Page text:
The present invention is directed to a load cell structure of the type receiving strain gages applied thereto for the measurement of forces. The structure is especially well-adapted for use in connection with low capacity load cells and provides protection against larger than rated loads.
The structure comprises a body of resilient material having a force receiving end and a support end laterally spaced therefrom. Intermediate these ends is an active region which includes first and second transition regions integral with the force receiving and support ends respectively. Upper and lower sensing beams extend between the first and second transition regions to complete the parallelogram configuration of a conventional load cell.
Upper and lower horizontal openings bound the respective upper and lower sensing beams. A sensing beam has at least one strain gage receiving area thereon which is normally adjacent to an expanded portion of the adjacent horizontal opening. The first transition region is provided with a vertical opening that extends generally between the planes containing the midline of the upper and lower horizontal openings. The opposing ends of the vertical opening communicate with the upper and lower horizontal openings through slots. Each slot extends between the vertical opening and the corresponding horizontal opening and has a gap width which determines in part the degree of overload protection provided to the load cell.
The horizontal openings, the vertical opening and the slots form a centrally-located cantilever beam extending from the second transition region to the vertical opening. The upper and lower sensing beams are relatively thin so as to be sensitive to applied loads. As a result, the cantilever beam formed in the central region of the load cell structure is a beam of relatively large mass when compared with combined mass of the sensing beams. By increasing the mass of the beam, the cantilever beam is stiffened accordingly and the overload protection is enhanced. When a load is applied to the load cell, the forces in the load cell structure result in a deflection of the sensing beams. This deflection causes one of the gaps in the slots to begin to narrow with closure thereof occurring at a load level deemed to require protection for the load cell.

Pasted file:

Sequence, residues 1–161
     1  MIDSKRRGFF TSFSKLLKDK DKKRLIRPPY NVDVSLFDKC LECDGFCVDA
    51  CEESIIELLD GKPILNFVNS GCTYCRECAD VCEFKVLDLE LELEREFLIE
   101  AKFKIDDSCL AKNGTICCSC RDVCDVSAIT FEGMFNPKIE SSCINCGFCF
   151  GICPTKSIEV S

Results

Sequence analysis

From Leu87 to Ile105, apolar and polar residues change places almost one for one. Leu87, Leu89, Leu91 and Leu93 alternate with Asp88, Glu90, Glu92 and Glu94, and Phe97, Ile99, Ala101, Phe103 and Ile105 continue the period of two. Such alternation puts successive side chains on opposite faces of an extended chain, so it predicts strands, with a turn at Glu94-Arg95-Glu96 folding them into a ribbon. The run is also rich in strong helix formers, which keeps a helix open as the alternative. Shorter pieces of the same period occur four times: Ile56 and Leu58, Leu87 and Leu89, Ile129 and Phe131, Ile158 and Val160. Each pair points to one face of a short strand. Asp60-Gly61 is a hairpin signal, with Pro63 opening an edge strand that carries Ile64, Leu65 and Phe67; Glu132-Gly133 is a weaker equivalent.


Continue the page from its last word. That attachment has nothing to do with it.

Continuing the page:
At the limit of a stop when the upper or lower gap is closed, the transition region contacts the cantilever beam and the load forces are transferred directly to the cantilever beam from the parallelogram structure. Thus, the cantilever beam and the sensing beams are then acting jointly to prevent permanent deformation of the sensing beams as well as dampening any bounce from a sudden impact load.
The load limit at which the overload protection takes effect is determined primarily by the gap width of the upper and lower slots. The gap width defines the limits of deflection of the parallelogram structure of the load cell in relation to the large mass cantilever beam. In practice, the gap width is formed to initiate protection for loads in excess of 140% of the rated load cell capacity. The width of the upper and lower horizontal openings and the width of the vertical opening in the first transition region are normally made larger than the gap width so as to insure that the gap width is the limiting distance in determining the over load protection imparted to the load cell.
Further features and advantages of the invention will become more readily apparent from the following detailed description of a preferred embodiment thereof when taken in conjunction with the accompanying drawings.
FIG. 1 is perspective view of a preferred embodiment of the present invention.
FIG. 2 is a top view of the embodiment of FIG. 1.
FIG. 3 is a side view of the embodiment of FIG. 1.